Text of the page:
A couple months ago, I got a text from my sister reminding me that "You are so basic." She'd found the Birkenstocks I ordered on her Amazon Prime account, and I can picture her rolling her eyes when she got the confirmation email. I actually didn't really need her to point it out because I fully agree that I'm the definition of being basic, from my tendency to quote Carrie Bradshaw to the lattes I've Instagramed.
Haters can hate, but in the past couple of years especially, I've resolved to being basic. I've come to realize the importance of slowing down to appreciate the small things in front of me rather than constantly chasing the next big thing, something that I credit partly to making yoga a regular part of my routine. Some things just give life color, like apple picking in the fall or brunching with your friends on Sunday mornings, and just because all the other basic girls around the world are doing the same thing doesn't mean it's not worth it to pause and feel grateful. And then Instagram the moment, because if it's not documented on social, it didn't happen.
Two of my favorite things in life are yoga and country music. On the surface level, they're totally different things, but one common theme that's threaded into both is the idea of being content with what's in front of you. In yoga, it's called staying present, and in country music, it's called being broke but loving your life because you've got a dog and a truck and a 6-pack to start the weekend.
We're living in a crazy world, dubbed the information age, where things fly at you fast and you've got so much information at hand that it feels like you have no choice but to take action on everything that's out there. Social media is a huge contributor, because we're constantly aware of what everyone around us is doing and trying to improve on that. For example, I can't just enjoy my Starbucks java chip Frappuccino with coconut milk, no whip, in peace without realizing that there's now a Unicorn Frappuccino that I should be trying [which I did, and immediately wished I'd stuck with my regular order].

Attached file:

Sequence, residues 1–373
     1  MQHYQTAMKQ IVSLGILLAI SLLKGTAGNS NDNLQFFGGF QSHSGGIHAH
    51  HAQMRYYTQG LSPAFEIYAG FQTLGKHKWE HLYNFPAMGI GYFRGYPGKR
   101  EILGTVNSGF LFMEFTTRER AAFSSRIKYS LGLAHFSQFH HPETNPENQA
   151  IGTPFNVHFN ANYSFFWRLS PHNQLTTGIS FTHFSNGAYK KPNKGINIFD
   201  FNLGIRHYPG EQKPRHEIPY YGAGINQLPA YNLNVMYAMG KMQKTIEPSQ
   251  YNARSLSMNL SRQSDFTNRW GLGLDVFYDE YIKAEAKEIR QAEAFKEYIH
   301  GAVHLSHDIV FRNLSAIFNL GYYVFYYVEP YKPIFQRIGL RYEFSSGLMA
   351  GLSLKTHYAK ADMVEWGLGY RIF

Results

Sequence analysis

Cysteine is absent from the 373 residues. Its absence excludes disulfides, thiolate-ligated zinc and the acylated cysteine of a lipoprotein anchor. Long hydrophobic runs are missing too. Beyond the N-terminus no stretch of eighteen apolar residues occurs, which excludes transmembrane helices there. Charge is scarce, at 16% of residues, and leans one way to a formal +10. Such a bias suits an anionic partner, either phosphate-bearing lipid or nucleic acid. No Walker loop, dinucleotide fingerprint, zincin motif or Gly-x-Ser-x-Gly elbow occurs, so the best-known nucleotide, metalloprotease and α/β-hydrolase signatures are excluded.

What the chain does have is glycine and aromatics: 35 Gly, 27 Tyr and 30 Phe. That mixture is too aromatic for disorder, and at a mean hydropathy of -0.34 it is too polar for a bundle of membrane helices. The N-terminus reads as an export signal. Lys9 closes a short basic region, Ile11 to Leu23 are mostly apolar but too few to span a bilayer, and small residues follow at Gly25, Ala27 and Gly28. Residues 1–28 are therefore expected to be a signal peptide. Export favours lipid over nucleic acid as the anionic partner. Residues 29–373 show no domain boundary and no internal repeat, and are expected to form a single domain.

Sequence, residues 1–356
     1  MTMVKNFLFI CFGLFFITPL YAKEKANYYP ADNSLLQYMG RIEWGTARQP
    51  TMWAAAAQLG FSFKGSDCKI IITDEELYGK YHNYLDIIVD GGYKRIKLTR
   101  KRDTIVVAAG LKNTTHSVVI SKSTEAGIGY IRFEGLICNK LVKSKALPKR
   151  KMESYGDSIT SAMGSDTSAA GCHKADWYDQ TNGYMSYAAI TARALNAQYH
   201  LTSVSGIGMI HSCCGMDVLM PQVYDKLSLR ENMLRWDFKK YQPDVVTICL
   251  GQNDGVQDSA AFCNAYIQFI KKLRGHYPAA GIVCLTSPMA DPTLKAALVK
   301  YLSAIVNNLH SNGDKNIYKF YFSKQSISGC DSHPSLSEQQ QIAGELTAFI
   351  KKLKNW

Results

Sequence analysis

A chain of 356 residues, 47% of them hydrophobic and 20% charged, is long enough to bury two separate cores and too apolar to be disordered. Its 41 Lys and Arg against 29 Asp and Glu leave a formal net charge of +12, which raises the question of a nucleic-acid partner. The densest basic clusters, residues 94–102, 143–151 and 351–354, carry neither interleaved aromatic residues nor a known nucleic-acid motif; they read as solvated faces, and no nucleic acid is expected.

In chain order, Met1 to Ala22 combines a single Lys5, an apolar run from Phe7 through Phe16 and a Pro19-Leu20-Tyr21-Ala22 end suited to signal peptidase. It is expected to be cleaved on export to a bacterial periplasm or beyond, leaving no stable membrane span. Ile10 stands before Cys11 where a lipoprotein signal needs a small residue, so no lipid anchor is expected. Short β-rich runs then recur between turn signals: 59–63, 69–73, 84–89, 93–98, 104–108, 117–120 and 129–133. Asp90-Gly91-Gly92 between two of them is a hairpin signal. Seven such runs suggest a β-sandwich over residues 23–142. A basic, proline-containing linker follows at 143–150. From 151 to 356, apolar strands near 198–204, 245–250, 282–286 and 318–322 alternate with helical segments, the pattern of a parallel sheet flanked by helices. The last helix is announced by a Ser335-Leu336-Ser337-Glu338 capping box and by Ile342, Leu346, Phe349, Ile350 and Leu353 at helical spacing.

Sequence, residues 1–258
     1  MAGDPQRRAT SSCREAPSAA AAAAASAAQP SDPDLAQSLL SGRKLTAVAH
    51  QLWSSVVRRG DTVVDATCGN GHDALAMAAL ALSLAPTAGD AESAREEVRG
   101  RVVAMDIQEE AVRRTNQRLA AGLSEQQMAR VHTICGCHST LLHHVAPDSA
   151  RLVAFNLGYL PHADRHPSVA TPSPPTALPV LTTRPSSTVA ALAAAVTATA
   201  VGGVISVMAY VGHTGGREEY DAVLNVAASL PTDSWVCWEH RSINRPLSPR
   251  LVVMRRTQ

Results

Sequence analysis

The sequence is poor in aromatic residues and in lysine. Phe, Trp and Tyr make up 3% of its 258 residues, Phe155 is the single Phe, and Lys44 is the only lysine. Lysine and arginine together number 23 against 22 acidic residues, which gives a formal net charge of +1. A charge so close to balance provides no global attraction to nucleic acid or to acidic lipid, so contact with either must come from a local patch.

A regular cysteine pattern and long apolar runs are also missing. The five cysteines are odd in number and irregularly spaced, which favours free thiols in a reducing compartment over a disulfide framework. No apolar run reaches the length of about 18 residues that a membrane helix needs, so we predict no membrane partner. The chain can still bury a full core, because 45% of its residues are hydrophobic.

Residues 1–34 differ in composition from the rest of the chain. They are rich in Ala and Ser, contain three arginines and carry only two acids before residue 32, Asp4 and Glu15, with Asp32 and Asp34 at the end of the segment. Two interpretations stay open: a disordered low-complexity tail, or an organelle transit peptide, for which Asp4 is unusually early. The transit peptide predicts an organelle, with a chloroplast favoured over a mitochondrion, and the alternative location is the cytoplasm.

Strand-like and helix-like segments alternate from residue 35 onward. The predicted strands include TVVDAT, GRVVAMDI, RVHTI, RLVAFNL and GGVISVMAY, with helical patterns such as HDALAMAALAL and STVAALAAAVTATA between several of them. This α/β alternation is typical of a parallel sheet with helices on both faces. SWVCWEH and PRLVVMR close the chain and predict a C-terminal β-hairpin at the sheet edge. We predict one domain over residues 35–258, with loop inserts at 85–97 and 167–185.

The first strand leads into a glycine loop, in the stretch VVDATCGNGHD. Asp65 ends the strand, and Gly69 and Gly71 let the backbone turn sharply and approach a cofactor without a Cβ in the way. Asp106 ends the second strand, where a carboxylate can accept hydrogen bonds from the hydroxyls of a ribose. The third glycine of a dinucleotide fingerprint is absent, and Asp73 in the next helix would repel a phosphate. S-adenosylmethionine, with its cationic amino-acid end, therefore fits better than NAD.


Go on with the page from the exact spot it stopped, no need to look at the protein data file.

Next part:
What I'm getting at is that I don't think people need to apologize for loving the things in their life that are anything less than cutting-edge. Hipsters exist to tell you that they're the first to start a trend and what I'm trying to say is that even if you were the second, or third, or last to catch onto something that brings you joy, what matters is that you're joyful. If flower crowns at Coachella is your happy place, go there. Soak in the sunset. Enjoy your avocado toast and kale chips, because if you've spent more time in your life being happy, healthy, and grateful than you spent stressing out over trivial things, you won.